19 August 1997

UK wheat surplus down but exports look shaky

By Philip Clarke

By Philip Clarke

EXPORTERS will have about 1m tonnes less wheat to shift this season, following a significant drop in the UKs surplus.

Despite a 3% increase in the area just harvested, both Allied Grain and Dalgety have marked the crop down on last years 16.1m tonnes record to just 14.8m tonnes and 15.04m tonnes respectively, reflecting a 10% yield drop.

After allowing for increased imports (especially of Class 3 milling wheats) and slightly reduced domestic demand, Allied puts the export surplus for 1997/98 at 3.26m tonnes, with Dalgety projecting a slightly bigger 3.51m tonnes.

Last year the UK shipped a record 4.58m tonnes, according to Dalgety. But both merchants are adamant that clearing this years smaller surplus will not be easy.

"Price and quality are the two key factors which determine our ability to export grain," says Dalgety crop marketing manager, Gary Hutchings. "Under the current market conditions, we are far from confident that we can come remotely close to last years performance."

According to Dalgety, UK wheat is currently too expensive to pick up fresh export business. But the greater concern is quality. "Some areas will struggle to achieve the minimum feed standard of 72kg/hl, let alone an acceptable export standard."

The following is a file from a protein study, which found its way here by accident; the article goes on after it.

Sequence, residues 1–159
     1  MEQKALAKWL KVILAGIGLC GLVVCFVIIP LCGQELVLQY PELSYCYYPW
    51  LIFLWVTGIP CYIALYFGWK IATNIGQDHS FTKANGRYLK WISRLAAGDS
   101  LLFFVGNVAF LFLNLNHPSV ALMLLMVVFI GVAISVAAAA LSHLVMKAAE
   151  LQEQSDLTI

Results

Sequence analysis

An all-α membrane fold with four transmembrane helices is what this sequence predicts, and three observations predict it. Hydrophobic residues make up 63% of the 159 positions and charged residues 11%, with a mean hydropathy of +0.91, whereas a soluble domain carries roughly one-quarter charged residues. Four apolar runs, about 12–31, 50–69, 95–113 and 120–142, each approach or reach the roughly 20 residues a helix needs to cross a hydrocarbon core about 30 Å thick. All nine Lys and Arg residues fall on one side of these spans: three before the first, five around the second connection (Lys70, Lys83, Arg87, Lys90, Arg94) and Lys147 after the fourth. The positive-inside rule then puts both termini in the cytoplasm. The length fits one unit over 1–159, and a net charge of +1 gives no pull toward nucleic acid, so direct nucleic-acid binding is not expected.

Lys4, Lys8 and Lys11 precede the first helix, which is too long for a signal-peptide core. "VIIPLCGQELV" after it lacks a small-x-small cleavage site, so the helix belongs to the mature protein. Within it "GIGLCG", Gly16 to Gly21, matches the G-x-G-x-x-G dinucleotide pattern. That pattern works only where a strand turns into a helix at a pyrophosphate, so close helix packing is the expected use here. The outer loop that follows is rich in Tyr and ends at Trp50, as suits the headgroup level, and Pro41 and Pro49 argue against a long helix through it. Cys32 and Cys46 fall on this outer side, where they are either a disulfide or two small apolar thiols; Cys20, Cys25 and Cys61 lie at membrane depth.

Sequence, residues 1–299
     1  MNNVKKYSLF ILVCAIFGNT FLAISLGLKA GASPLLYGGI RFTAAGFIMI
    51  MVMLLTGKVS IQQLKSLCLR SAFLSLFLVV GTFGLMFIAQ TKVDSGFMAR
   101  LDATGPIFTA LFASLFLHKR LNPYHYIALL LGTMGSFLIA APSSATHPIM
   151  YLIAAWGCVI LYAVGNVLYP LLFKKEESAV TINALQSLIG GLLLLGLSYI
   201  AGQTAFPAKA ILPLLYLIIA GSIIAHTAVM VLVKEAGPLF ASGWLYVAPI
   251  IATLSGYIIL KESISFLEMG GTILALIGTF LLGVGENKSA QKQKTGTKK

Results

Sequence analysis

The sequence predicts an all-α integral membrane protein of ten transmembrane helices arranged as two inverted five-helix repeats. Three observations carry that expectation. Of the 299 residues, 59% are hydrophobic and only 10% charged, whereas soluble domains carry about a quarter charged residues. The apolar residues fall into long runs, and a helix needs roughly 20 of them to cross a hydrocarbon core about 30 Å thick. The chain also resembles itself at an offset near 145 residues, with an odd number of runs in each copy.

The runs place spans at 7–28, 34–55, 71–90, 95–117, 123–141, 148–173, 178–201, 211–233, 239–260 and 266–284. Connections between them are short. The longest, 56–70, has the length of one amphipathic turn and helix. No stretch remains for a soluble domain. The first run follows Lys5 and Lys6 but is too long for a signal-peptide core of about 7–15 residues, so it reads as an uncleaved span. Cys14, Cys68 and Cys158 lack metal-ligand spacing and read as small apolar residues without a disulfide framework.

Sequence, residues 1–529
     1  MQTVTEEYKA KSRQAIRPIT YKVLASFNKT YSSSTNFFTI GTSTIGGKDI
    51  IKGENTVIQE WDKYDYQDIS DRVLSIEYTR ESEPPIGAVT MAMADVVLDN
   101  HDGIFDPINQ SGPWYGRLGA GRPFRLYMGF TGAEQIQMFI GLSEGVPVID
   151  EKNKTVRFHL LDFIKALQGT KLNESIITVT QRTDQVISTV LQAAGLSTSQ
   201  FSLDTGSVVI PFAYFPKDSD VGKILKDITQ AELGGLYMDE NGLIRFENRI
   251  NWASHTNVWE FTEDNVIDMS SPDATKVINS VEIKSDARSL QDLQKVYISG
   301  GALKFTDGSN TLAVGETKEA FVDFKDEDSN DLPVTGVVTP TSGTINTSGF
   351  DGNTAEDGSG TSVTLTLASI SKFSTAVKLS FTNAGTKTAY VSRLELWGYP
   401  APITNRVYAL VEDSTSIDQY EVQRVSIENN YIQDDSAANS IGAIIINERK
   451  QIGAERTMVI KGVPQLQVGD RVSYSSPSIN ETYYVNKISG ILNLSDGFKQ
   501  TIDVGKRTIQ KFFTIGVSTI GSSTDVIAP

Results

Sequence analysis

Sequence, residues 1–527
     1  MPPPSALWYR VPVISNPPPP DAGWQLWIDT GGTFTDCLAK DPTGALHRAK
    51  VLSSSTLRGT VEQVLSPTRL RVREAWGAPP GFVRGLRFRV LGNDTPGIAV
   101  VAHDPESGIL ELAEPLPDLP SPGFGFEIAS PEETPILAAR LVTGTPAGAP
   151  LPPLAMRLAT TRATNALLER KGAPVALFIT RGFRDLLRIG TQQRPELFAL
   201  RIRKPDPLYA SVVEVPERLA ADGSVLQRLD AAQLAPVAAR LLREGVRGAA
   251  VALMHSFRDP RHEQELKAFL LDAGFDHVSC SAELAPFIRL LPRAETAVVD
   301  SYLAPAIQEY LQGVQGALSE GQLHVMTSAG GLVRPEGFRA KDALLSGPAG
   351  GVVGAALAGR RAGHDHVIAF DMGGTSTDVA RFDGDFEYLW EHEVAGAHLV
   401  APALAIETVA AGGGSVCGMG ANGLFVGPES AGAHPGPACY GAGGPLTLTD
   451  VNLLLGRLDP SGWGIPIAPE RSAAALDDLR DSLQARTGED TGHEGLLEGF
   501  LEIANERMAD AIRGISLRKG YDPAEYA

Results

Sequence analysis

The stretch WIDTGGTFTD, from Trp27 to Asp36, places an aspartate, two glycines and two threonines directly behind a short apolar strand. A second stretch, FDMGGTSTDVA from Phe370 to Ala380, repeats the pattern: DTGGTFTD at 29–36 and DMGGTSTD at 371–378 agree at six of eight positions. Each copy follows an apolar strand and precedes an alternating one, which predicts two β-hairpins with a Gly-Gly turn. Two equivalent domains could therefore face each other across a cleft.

In addition, exports are likely to be thwarted by a conservative approach from the commission towards subsidies, especially following US threats to reintroduce their Export Enhancement Programme.

As such, the company has pencilled in just 1.5m tonnes of sales to EU destinations and a mere 500,000t to Third countries – less than half last years totals. That leaves another 1.5m tonnes still to find a home.

"While the prospects for exports do not look particularly buoyant, we do believe the market will align itself," says Mr Hutchings. At what price remains to be seen.

These views are echoed by Allied Grain shipping director Mark Hughes, who says this weeks ex-farm price of £84/t is driven by domestic compounders and millers, and makes the UK a "non-player" in the export game.

Exports to the end of September, at 550,000t, are expected to be 40% behind last year. "We have precious little business on our books for the coming months. Were just too expensive," says Mr Hughes.

Despite this, he believes Dalgetys export predictions are "a bit light", especially to Spain and Portugal which have smaller crops. But sales will only pick up if:

&#8226 Sterling weakens further, making UK wheat more competitive.

&#8226 Continental prices firm.

&#8226 Brussels starts a heavy export programme to Third countries.

The last of these is unlikely, says Mr Hughes, though Brussels did remove its export tax on wheat last week. But there is some scope for price rises on the Continent if world prices improve.

The best chance for farmers, however, comes from sterling which is enjoying a period of relative weakness. As such, further price rises for UK farmers later in the season are not dismissed.n

Almost 60,000t of wheat was loaded onto the MV Belchatow last week at Allied Grains Tilbury facility – a UK record. But, despite the decent start, shippers warn clearing this years surplus wont be plain sailing.